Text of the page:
Also, at 30, I felt that I had accumulated sufficient life experience to have, at last, “something to say.” I resolved that summer to knuckle down and write a publishable novel. Producing a manuscript proved relatively easy; finding a publisher took 12 years.
> Can you share a little of your current work with us?
“The MacGuffin” deals with two murders that have touched Cooper Brant’s family, one occurring 15 years in the past, the other in the present. The following brief excerpt deals with reactions to the second murder. Some readers may prefer to wait and read these details within the context of the entire book:
The officer signaled a partner stationed at the barricade, who lifted the tape for Stasia Emery-Brant and pointed the way to Coop. She ran through the bramble, looking more frightened than grieved, meeting him halfway and holding him tight. “What happened?” she asked. “Tell me. Someone said it was Kavanall.”
“Oh, Stasia”—he nodded slowly—“I’m so sorry.” As she heaved a deep cry of pain, he repeated, “I’m so very sorry,” cradling her head, kissing her hair.
A mechanical noise—the sound of the gurney being ratcheted to its full height—drew everyone’s attention. Then the police crew stepped aside, parting, clearing a path for Kavanall’s handlers as he was carted, bumping and jostling, across the thick undergrowth that circled the pond. A boxy fire-department ambulance had backed up to the police tape, its doors flung wide to receive the remains.
“I’ve got to see him,” said Stasia, pulling away from Coop.
“No,” he insisted, pulling her back, “no,” recalling a sight that she should never see, a sight that no parent should even imagine.
As the shrouded gurney was hoisted into the truck, tears began to stream from Stasia’s disbelieving eyes, and the easily summoned strength that had so surprised Coop now vanished. He could not control the bile rising in his throat, and the hand at his mouth could not stop the vomit, which spread through his fingers in gobs, falling to the ground, fouling the toes of his cleated shoes, which he would never wear again.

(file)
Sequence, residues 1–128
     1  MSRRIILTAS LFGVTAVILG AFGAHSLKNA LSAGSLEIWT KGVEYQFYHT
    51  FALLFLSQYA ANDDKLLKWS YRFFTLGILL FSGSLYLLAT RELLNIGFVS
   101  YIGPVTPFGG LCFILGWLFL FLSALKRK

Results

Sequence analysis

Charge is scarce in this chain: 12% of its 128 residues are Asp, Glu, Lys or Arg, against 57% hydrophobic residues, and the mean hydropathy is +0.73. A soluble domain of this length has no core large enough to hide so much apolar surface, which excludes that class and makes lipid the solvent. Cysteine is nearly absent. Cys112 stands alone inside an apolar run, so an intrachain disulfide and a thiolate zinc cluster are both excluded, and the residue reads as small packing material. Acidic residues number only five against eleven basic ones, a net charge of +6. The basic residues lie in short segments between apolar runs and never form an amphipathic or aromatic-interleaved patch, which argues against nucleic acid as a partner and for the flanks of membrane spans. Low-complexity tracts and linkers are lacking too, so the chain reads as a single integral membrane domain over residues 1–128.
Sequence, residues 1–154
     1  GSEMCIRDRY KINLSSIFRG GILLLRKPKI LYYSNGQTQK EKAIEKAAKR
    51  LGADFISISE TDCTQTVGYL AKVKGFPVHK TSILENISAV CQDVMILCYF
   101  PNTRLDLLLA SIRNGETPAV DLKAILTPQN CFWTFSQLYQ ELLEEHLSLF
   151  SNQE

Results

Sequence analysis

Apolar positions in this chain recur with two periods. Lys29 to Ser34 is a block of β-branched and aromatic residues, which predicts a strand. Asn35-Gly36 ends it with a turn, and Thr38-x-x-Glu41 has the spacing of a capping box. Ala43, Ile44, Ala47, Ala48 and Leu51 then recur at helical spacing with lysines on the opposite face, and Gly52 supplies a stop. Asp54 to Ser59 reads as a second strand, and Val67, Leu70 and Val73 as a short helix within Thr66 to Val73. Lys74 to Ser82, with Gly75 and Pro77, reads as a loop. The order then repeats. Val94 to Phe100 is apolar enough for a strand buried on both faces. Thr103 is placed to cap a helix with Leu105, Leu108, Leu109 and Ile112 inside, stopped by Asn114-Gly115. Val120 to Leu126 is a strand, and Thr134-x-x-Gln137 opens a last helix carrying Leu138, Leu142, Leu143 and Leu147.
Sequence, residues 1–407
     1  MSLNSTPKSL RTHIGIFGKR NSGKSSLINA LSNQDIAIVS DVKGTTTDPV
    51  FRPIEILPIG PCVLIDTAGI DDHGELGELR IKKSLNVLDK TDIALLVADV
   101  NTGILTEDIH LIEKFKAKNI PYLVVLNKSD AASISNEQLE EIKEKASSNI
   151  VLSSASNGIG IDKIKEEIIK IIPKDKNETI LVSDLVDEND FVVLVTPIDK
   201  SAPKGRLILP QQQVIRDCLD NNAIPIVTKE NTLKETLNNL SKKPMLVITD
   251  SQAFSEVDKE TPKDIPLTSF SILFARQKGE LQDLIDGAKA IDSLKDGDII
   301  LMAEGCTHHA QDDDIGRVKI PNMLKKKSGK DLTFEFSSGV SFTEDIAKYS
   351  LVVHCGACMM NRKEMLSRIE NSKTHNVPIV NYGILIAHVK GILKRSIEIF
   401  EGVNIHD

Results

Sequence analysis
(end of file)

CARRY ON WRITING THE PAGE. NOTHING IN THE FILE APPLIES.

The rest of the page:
> Do you have to travel much concerning your book(s)?
No. Relatively few authors are “big enough” to warrant full-blown publisher-paid book tours, and I have never been one of them. But with 13 titles in print, I do have a loyal following, and I try to keep my readers informed through my website and other online venues. During the years of the career that served as my day job, I frequently traveled on business, and I always tried to set up appearances to coincide with publication of a new book, but now that I’m retired, that travel has largely ended. The timing of this transition feels right, however. This is my first “virtual book tour,” which seems like a great way to reach readers of both print books and e-books.
> Who designed the covers?
“The MacGuffin” is my first self-published novel, so that graphic design degree came in handy; I designed the cover myself. The covers of the prior 12 novels, all traditionally published, were designed by their respective publishers. I often found it painful to turn over the “packaging” of my books, and sometimes, frankly, the results were disappointing.
> What was the hardest part of writing your book?
Getting started, hands down. Waiting for that nugget of inspiration that will tell me what the next book will be about, that’s always a scary period for me. But it seems the idea always comes—bang—and once it does, I’m off and running. I truly love the entire process of writing book-length fiction (planning, drafting, and revision), but my hands are tied until I have that “ah-hah!” moment.
Posted by Lindsay at 12:30:00 AM